This is the best Kettle Corn recipe that we have ever known, and it’s super easy to make. Here in Indiana, we call this popcorn Midwestern Sugar Corn – a simple, summer sweet snack is sure to be a home run with your crew. The ingredients are simple – sugar, sea salt, a good oil and great popcorn kernels.
David and I made this recipe for our family’s Sunday movie night tradition, where we are pairing popcorn recipes and popcorn snacks with our favorite films – and this one is always a hit when we’re watching baseball films. What is your favorite summer-inspired movie to watch? For us, here is our Kettle Corn-inspired movie and movie snack pairing suggestion:
MOVIE: Bull Durham (1988). The conversations on the mound. The tricks for getting out of a slump. Which hand to swing with in a fight. “Bull Durham” is a movie that shows the romance and madness of baseball better than any movie ever has, and the cast is spectacular.
Line a baking sheet with parchment paper or a Silpat, and set aside.
Get a large saucepan or pot with a lid. Use more pot than you think you need. Using a large pot gives everything room to move so your sugar isn’t just sitting on the heat, burning. I always use at least a 6-quart pot for 1/2-cup popcorn kernels.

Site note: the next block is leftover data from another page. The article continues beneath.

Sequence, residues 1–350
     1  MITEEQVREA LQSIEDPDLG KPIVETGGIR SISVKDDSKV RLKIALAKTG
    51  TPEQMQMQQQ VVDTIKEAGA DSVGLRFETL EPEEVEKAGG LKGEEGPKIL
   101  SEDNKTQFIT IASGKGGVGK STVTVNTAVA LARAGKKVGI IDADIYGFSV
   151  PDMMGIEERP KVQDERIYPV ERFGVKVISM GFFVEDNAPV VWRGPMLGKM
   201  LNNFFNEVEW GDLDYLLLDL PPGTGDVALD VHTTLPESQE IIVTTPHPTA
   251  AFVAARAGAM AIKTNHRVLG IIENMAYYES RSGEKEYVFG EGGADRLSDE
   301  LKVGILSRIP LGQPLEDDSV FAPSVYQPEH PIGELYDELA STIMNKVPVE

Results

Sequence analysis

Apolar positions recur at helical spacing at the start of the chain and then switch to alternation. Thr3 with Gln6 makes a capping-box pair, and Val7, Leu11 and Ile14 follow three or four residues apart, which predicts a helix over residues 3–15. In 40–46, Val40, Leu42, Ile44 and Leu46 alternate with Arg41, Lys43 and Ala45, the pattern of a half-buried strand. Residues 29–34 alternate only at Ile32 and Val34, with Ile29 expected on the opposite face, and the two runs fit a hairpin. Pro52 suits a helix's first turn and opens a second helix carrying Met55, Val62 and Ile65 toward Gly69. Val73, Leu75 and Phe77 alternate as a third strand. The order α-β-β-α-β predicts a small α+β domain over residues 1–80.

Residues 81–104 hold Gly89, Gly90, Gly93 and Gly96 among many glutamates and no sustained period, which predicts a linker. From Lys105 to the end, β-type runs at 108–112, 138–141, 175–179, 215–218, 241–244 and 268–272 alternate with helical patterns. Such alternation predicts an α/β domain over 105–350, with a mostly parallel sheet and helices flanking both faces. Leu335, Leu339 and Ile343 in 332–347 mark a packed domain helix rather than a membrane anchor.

Pour enough oil to coat the bottom of the pan, add four popcorn kernels and cover the pan. Turn the burner on your stove top to medium-heat. When the kernels pop, know that your oil is VERY VERY HOT!
Very carefully (because that oil is blazingly hot and can burn you!), stir in the seasoning and add the popcorn kernels and re-cover the pan. Now SHAKE SHAKE SHAKE that pan! Shaking the pan constantly to ensure that the kernels and the sugar doesn't burn, while the popcorn pops.
Once the pops are 1 to 2 seconds apart, remove the pan from the heat.
Figuring out this timing is key to making the best Kettle Corn recipe. You need to pull your homemade kettle corn from the heat before your corn stops popping. Why? Because you can burn the sugar in the blink of an eye. Standard popcorn wisdom says to pull your popcorn when you have 3 seconds between pops. For kettle corn, you want to pull it at around 1 to 2 seconds per pop. As you get to know your pan and stove better, you might be able to extend this time, but it’s best to start here.
Again, be careful at this stage. Everything is very hot!
Pour your popped popcorn onto the baking sheet. Spread it out and remove any unpopped kernels. Allow the kettle corn popcorn to cool. Once the popcorn is cool, put the popcorn into a big bowl and serve.
Serving Size 1 cup
* Percent Daily Values are based on a 2,000 calorie diet. Your daily value may be higher or lower depending on your calorie needs.
Share your creations with us on Instagram! Tag you creation with #dellcovespices and we would love to give you a shout-out!